- Current account surplus at €250 billion (2.2% of euro area GDP) in 2020, down from €280 billion (2.3% of GDP) in 2019
- Geographic counterparts: largest bilateral surpluses vis-à-vis United Kingdom (€151 billion) and United States (€79 billion), with largest deficits vis-à-vis offshore centres (€94 billion) and China (€79 billion)
- International investment position showed net assets of €91 billion (around 0.8% of euro area GDP) at end of 2020
The current account surplus of the euro area declined to €250 billion (2.2% of euro area GDP) in 2020, from €280 billion (2.3% of GDP) in 2019 (see Table 1). This decrease reflected a reduction in the surpluses for services (from €60 billion to €31 billion) and primary income (from €50 billion to €41 billion), and a larger deficit for secondary income, which increased from €152 billion to €162 billion. These developments were partly offset by an increase in the surplus for goods (from €323 billion to €340 billion).
The smaller surplus for services was mainly due to a decline in the surpluses for travel services (from €42 billion to €8 billion) and transport services (from €20 billion to €10 billion) and a larger deficit for other services (up from €9 billion to €30 billion). These developments were partly offset by a decline in the deficit for other business services (from €102 billion to €69 billion) and an increase in the surplus for telecommunication, computer and information services (from €94 billion to €102 billion). The decrease in the primary income surplus was due to a fall in the surplus for investment income (from €22 billion to €9 billion). This reflected mainly a lower surplus for direct investment income (down from €84 billion to €27 billion), which was partly offset by a smaller deficit for portfolio equity income (down from €112 billion to €73 billion) and a larger surplus for portfolio debt income (up from €35 billion to €41 billion).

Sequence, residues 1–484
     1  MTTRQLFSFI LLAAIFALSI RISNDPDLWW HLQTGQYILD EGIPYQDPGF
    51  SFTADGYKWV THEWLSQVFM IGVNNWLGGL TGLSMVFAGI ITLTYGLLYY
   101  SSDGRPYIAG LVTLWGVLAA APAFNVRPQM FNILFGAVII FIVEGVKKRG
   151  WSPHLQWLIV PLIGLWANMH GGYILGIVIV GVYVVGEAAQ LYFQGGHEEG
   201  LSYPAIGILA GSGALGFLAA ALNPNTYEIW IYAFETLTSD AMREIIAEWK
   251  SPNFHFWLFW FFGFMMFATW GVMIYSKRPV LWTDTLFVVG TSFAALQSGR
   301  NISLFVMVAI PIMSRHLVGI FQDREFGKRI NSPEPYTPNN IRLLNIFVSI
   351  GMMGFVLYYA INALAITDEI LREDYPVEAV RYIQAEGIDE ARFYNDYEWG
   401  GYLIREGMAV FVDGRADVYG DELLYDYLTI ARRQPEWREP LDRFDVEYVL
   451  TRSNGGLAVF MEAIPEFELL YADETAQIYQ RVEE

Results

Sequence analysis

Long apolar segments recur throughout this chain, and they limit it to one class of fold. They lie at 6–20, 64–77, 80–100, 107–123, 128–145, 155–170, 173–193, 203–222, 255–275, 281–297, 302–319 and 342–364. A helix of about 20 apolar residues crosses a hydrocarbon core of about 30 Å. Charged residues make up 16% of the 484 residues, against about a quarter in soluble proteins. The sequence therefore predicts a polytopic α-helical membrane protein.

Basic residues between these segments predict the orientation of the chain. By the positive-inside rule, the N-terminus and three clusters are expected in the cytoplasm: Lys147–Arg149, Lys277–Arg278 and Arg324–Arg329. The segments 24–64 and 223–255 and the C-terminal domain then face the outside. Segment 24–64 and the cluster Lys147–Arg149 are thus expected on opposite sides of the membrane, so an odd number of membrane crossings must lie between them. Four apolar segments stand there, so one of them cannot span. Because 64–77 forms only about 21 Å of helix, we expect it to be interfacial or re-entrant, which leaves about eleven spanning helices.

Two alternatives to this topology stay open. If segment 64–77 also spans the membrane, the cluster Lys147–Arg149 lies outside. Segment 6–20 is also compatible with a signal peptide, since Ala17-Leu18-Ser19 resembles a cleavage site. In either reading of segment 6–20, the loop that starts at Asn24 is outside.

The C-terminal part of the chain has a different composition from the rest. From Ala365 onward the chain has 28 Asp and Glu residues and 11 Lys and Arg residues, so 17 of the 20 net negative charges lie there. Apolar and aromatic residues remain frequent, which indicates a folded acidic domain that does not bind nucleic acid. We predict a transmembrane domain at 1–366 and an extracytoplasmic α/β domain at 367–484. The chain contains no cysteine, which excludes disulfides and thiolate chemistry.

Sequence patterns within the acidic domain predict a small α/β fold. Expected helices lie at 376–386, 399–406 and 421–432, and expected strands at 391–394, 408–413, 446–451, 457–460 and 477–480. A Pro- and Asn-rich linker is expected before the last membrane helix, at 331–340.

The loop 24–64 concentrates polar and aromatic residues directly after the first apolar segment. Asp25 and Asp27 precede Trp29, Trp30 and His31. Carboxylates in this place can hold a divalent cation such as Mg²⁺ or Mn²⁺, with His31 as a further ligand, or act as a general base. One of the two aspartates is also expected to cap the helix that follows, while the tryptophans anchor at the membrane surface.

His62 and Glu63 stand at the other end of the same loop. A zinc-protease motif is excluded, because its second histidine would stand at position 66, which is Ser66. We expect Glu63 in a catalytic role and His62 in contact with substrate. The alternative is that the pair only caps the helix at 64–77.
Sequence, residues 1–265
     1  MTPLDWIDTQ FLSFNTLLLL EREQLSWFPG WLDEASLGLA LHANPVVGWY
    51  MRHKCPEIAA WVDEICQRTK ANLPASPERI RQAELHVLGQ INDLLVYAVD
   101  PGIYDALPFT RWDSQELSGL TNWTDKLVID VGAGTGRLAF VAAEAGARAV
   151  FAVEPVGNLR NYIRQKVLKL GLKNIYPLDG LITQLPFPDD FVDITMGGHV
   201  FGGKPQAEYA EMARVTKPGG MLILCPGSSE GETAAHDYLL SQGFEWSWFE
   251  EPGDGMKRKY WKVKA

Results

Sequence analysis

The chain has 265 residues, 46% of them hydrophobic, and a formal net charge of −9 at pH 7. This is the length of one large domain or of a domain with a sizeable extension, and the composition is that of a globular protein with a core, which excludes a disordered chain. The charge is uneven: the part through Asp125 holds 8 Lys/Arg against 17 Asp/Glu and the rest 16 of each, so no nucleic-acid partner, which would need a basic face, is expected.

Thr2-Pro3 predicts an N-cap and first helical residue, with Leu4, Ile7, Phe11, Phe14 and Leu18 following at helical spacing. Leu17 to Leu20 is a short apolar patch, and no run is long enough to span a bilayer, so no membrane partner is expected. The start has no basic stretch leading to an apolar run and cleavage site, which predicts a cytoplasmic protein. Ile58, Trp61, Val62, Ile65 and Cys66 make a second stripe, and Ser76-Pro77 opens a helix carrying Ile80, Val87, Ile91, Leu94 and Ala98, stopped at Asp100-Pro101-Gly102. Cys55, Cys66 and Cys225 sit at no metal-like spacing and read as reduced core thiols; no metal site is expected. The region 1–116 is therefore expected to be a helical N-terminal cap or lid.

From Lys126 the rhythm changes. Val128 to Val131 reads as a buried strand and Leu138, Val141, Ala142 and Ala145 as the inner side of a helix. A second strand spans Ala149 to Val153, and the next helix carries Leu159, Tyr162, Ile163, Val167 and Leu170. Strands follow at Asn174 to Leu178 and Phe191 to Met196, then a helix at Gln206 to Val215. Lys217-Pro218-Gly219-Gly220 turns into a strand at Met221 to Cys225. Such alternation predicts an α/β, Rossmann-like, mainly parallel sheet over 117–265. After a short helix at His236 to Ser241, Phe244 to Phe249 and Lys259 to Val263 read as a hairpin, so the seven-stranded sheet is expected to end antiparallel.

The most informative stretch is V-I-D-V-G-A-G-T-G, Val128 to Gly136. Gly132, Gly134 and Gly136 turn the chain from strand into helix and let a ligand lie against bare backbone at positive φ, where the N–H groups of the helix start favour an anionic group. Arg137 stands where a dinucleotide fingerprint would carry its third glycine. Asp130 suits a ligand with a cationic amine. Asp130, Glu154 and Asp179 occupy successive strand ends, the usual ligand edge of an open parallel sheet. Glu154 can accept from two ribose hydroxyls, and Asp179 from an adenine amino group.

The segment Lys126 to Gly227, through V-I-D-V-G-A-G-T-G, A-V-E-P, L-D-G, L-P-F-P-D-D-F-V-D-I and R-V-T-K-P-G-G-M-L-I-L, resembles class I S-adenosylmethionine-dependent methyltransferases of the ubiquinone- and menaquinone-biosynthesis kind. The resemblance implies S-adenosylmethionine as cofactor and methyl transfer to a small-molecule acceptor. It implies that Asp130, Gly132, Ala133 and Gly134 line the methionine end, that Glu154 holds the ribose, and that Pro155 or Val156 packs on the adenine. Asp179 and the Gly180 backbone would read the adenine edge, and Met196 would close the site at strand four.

Data on the geographic counterparts of the euro area current account (see Chart 1) show that in 2020 the euro area recorded its largest bilateral surpluses vis-à-vis the United Kingdom (€151 billion, down from €197 billion in 2019), the United States (€79 billion, down from €107 billion) and Switzerland (€54 billion, down from €65 billion). It also recorded a current account surplus vis-à-vis a residual group of other countries (€187 billion, up from €128 billion). The largest bilateral deficits were recorded vis-à-vis offshore centres (€94 billion, down from €115 billion) and China (€79 billion, up from €65 billion).
The most significant geographic changes in 2020 relative to 2019 were as follows. In the goods balance there were decreases in the surpluses vis-à-vis offshore centres (from €48 billion to €30 billion) and the United Kingdom (from €111 billion to €97 billion) and an increase in the deficit vis-à-vis China (from €80 billion to €93 billion). Moreover, the goods surplus vis-à-vis the residual group of other countries increased strongly (from €7 billion to €82 billion), partly reflecting a decline in the deficit vis-à-vis Russia (from €33 billion to €4 billion).
In services the deficit vis-à-vis the United States increased (from €19 billion to €78 billion), while the deficit vis-à-vis offshore centres declined (from €111 billion to €58 billion). The surplus vis-à-vis the United Kingdom decreased (from €47 billion to €26 billion). In primary income, a lower deficit was recorded vis-à-vis the United States (down from €43 billion to €7 billion), while the deficit vis-à-vis offshore centres increased (from €50 billion to €66 billion). In secondary income, the deficit vis-à-vis the EU Member States and EU institutions outside the euro area widened slightly from €91 billion to €96 billion.